Rather unfortunate that I should chose to read this novel right after Please Ignore Vera Dietz, which also features a death of a loved one and the aftermath.  This provoked too much comparison/contrast between the two novels and left this one a bit wanting.  I do enjoy when the arts have the power to heal.  The romance was well developed, though I was a bit iffy about their age difference.  Also, there were points in the book when I wondered why her parents didn’t just call the main character on her cell phone.  So it was clunky in places, but overall a good read.

Everybody See the Ants
A.S. King

More feelings-accessed-through-wacky-things by A.S. King.  In this case, our hero has recurring dreams of rescuing his grandfather, who is a Vietnam POW. And also ants talk to him.  In a very A.S. King way it’s not as wacky as it sounds.  I found the lack of consequences imposed on the bully in this story unbelievable, but other than that, it was a good read.

Gracefully Grayson
Anni Polonsky

Hey!  It’s only the second book with a trans character I’ve ever read! (The first was Trans-Sister Radio by Chris Bohjalian.)  Greyson is a sixth grade boy who is constantly preoccupied with dreams of dressing in girls’ clothing.  He lives with his aunt, uncle, and two cousins because his parents died when he was in preschool.  Things happens when he tries out for the school play.  There was a great plot twist I didn’t see coming, and all the gender identity stuff is gold.  It’s a middle reader I didn’t have to slog through too!  Aside from the fact that the teacher spent inordinate amounts of time rearranging desks in the classroom (so much attention was repeatedly paid to desk arranging throughout the book I kept wondering why have them all move their desks around when the class next period would need to switch everything all over again) this was a perfect book.  Recommended.

Betsy Tacy Tib
Maud Heart Lovelace

The trio is eight!  I enjoy how Lovelace differentiates between Betsy-Tacy (who seem to be halves of a whole) and Tib, who has her own way of doing things, but Betsy and Tacy love her still.

Drama
Raina Telgemier

First crushes and a “tech”-ing a middle school play in this graphic novel.  By the end, I marveled at the play’s production budget.  The students seemed rather advanced for middle school kids, but who am I to judge?  Quick and enjoyable.

Kinda Like Brothers
Coe Booth
Read for Librarian Book Group

You know what I love? When books take me somewhere I don’t usually hang out.  You know what else I love?  Really complex characters, and lots of them.  Other things I love?  Plots that aren’t overly contrived, but full of conundrums.  And also?  Kids in books acting exactly their age.  You know what I don’t usually like? Middle readers.  But this middle reader was great!   I marvel how Booth crammed so much plot into so few pages.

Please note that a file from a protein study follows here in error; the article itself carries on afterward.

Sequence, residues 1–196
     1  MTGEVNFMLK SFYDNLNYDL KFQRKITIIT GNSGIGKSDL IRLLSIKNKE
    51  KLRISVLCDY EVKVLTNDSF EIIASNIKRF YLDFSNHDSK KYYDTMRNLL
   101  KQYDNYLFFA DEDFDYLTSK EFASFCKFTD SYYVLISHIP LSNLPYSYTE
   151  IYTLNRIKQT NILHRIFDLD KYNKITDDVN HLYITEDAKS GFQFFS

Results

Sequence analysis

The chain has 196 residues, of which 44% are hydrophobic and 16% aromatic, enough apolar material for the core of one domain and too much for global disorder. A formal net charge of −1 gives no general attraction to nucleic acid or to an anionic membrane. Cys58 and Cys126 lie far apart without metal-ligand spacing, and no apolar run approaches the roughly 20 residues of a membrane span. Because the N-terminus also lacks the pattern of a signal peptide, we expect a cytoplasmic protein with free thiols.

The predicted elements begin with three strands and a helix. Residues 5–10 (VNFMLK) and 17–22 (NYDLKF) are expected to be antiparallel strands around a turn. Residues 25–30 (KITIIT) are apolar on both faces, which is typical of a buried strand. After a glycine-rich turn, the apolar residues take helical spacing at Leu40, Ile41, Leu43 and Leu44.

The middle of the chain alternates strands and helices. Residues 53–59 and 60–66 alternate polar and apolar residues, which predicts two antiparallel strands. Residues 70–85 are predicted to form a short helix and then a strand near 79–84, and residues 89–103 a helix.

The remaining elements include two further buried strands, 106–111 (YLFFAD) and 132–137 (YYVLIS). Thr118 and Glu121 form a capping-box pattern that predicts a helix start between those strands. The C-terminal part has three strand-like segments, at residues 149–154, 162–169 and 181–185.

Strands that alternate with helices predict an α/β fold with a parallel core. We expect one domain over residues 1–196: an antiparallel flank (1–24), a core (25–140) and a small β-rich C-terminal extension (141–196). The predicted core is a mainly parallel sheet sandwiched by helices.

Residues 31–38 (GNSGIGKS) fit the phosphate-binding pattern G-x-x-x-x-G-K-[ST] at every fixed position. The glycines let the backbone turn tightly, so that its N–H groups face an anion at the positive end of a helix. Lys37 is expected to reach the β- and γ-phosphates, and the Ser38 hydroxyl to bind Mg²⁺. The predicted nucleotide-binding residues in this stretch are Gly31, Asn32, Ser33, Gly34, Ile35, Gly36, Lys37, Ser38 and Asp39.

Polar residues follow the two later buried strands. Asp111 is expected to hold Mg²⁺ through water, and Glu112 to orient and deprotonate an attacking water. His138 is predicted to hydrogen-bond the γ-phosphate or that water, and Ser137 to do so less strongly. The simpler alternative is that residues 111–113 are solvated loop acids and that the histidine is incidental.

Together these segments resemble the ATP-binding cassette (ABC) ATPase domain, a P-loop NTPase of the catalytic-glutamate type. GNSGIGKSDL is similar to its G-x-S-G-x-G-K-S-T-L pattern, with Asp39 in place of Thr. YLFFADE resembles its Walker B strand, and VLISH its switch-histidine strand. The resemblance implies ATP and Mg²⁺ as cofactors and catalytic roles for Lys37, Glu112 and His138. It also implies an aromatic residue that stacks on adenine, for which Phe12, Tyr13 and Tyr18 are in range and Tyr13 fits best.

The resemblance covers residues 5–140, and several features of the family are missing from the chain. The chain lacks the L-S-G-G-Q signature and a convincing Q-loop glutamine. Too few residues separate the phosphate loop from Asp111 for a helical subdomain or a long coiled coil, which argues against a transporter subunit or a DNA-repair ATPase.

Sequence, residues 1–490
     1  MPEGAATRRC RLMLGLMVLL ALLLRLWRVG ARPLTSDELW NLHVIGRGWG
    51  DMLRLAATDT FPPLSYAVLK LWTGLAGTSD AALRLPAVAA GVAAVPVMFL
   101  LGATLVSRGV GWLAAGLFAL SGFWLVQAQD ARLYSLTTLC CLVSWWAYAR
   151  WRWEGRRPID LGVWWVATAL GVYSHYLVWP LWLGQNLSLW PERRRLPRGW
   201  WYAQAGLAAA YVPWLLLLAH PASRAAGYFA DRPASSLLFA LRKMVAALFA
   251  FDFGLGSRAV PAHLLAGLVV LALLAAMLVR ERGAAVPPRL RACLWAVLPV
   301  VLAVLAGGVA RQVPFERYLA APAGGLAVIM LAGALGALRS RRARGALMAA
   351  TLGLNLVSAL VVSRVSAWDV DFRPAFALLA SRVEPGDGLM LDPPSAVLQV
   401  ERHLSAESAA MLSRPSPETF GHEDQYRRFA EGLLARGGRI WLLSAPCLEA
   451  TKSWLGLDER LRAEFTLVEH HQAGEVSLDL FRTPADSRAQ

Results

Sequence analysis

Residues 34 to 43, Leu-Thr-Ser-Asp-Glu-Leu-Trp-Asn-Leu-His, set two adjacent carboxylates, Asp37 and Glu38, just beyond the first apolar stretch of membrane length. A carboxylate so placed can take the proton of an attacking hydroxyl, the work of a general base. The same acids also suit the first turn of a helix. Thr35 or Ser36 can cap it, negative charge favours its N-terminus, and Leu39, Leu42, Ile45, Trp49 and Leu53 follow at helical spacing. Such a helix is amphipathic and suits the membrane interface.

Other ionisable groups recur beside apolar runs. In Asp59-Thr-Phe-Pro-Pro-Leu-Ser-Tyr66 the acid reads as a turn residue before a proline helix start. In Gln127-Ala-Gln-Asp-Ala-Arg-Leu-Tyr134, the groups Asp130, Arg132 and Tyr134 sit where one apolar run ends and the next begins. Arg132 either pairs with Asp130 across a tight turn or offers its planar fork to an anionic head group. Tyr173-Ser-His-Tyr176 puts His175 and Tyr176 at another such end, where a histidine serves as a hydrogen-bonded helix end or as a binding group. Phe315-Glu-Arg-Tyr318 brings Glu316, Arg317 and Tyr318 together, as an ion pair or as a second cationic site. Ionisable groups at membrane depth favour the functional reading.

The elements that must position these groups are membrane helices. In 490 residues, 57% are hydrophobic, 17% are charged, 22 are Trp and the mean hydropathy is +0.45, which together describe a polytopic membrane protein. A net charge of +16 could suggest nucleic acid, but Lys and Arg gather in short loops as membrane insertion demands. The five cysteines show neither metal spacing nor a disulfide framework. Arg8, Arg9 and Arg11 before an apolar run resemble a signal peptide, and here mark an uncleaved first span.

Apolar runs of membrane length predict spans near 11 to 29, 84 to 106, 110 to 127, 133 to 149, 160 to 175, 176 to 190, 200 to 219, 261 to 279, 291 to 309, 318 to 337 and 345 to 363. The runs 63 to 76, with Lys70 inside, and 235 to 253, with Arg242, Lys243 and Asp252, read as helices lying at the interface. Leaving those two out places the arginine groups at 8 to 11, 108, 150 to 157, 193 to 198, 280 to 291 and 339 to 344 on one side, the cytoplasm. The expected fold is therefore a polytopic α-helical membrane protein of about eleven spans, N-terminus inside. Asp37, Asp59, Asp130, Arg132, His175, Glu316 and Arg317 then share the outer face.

Winter Bees and Other Poems of the Cold
Joyce Sidman
Read for Librarian Book Group

The left-hand page has the poems, the middle is the illustration, the right-hand page has the factual information about the topic. It appealed to both halves of my brain and I actually enjoyed the poems.  Well done.

Three Bears in a Boat
David Soman
Read for Librarian Book Group

The title says it all. And two weeks on, I remember nothing about this picture book.  There was adventure.  And learning.

Two Girls Staring at the Ceiling
Lucy Frank
Read for Librarian Book Group

This was not the book in verse to convince me that books written in verse are a good idea.  (The one book that did was Brown Girl Dreaming and thus far, it stands alone.)  I enjoyed the relationship between the two girls staring at the ceiling.  I would have liked to read about it with more words, i.e. prose.  If these books-in-verse were producing excellent verse, I could get on board, or if they were doing something really exciting like a whole story told in sonnets or other poetic forms, I would probably like that better.  But pretty much every book in verse I’ve encountered has been an interesting story ineptly told through so-so free verse.  I wish I could say it was different for this one, but alas, no.

2 thoughts on “Books Read in December 2014”

  1. Sara Here: I am guessing that the double name business is unnecessary, but I plan for it until we are sure about the naming functions of comments.

    So much reading!!! I got Winter Bees for Christmas. Quite lovely.